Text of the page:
Susan of MY2K is one of the first blog friends and followers to visit this site. She's a loyal reader and aficionado in my little kitchen, and she posts incredibly interesting stories about Mayan glyphs and the mysterious civilization's multi-faceted culture. She and I share the fascination for all things central American, and among these, chocolate. One very interesting post of hers dealt with cacao beans used as currency. Here is an excerpt from that piece:
"For the ancient Maya, cacao beans were money. A rabbit was worth ten beans, as an example. They really did have money growing on trees. The fruit that surrounds the bitter seeds is sweet and was eaten by both monkeys and early man. Later, early civilizations discovered the seeds to be a wonderful, bitter, enticing food when roasted. The name kakawa is the original name from the Olmecs in 1000 BC. By the time of the Maya, cacao beans were even counterfeited. It was possible to remove the delicious center and substitute dirt or less valuable pieces of food before passing it off as cash."You can read the full post HERE.
xocolatl which is a combination of words meaning 'bitter waters.' Indeed, the unsweetened hot, frothy beverage with stimulant properties the Aztecs made of pounded cacao beans and spices was probably extremely bitter. Chocolate was reserved for warriors, nobility and priests. The Aztecs esteemed its reputed ability to confer wisdom and vitality. Taken fermented as a drink, chocolate was also used in religious ceremonies. Between a bloody game of pelota and a savage human scarifice, a nice cup of steaming xocolatl was the best way to replete. Bitterness notwithstanding, the Aztec king Montezuma so believed that chocolate was an aphrodisiac that he purportedly drank 50 golden goblets of it each day (I can see where the legendary namesake revenge comes from).
To quote Susan, from one of our droolsome chocolate-induced conversations, "Aztecs, Olmecs, Maya, Spanish, English - they fought with each other but they kept the name for chocolate intact!" And we thank them on behalf of humanity.
How bland can a day be without a triangle of honey flavored Swiss Toblerone? What's the use of getting out of bed if there are no chocolate shavings in your cappuccino? If you know me a little by now, you'll comprehend how I cannot resist the temptation of Nutella. Can you recall the excitement upon walking in your first chocolatier? I purposely got lost during a guided tour of one of Torino's most famous chocolate factories just to manage a second go at the sample table.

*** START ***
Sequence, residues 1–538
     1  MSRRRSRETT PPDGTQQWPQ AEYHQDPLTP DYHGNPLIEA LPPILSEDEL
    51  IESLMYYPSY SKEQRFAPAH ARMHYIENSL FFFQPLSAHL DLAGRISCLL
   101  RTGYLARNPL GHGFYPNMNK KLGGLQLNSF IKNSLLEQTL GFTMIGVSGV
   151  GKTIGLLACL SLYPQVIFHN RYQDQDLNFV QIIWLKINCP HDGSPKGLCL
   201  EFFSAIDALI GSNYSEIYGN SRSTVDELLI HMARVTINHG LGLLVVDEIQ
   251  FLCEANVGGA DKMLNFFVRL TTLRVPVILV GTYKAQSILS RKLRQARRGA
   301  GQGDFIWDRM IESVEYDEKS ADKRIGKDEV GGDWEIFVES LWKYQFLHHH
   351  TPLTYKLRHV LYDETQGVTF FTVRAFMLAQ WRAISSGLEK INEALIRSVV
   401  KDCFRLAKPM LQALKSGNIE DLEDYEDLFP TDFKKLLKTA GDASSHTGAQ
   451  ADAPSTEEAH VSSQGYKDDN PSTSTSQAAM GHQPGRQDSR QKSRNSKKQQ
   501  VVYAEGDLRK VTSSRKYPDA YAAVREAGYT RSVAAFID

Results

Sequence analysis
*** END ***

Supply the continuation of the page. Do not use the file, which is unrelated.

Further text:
It's my addiction. I'm not a dessert person, but chocolate is my weakness. Blissful is the midnight snack that begins with a chunk of glossy brown heaven wedged between my teeth and a salty crust of bread to go with it.
Italy competes with France and Switzerland for the best European chocolate. In the region of Piemonte alone, there are more master chocolatiers than in Belgium and France combined. In Tuscany, there is such a concentration of fine chocolate makers, that journalists have dubbed the area between Florence and Pisa the Chocolate Valley.
In the course of the weeks to follow I will set an appointment with you. Once a week, I will illustrate examples of the many Italian chocolate excellencies that dot our Peninsula. Let me begin this choco-monograph by telling you of one very chocolaty city in particular.
TORINO, the Gianduja capital of the world
Can you even begin to imagine a city where a special type of milk chocolate first prepared in 1852 by Pierre Paul Caffarel has inspired a famous praline, a Commedia dell'Arte character mask and self-appointed nickname? This decadent preparation of chocolate containing about 50% hazelnut and almond paste, is the symbol of the most epicurean Italian city of them all. The Napoleonic gem, Torino.
Caffrel's invention of Gianduja chocolate was out of necessity. Due to the long Napoleonic Wars, the transport of spices, coffee and cacao beans across the Atlantic was severely curtailed, and Europe began to experience unacceptable chocolate shortages. To extend their meager supplies of cocoa, Caffarel began blending ground hazelnuts into their cacao. The result was a creamy, flavorful delight, and it became an instant success.
Gianduja is a Carnival and Commedia dell'Arte marionette character who represents the archetypal Piemontese: sweet, guileful and overly polite. During the 1865 carnival celebrations in Torino, masked Gianduja began handing out a new chocolate truffle, the gianduiotto.
Gianduiotti are now the specialty of Torino, bite-size chocolate mouthfuls whose shape is similar to an upturned canoe. Gianduiotti are individually wrapped in gold-colored tin foil, and melt in your mouth leaving you inevitably addicted for more. Like it is said of cherries, uno tira l'altro, or "one pulls the next [into the mouth]".
Trivia Note: Asti-born writer and broadcaster, Bruno Gambarotta, wrote a comic gastro-thriller entitled "Il codice Gianduiotto" (English: The Gianduiotto Code). The novel is a parody of the Dan Brown bestseller and centers on the mysteries of the secret formula for the perfect Gianduiotto.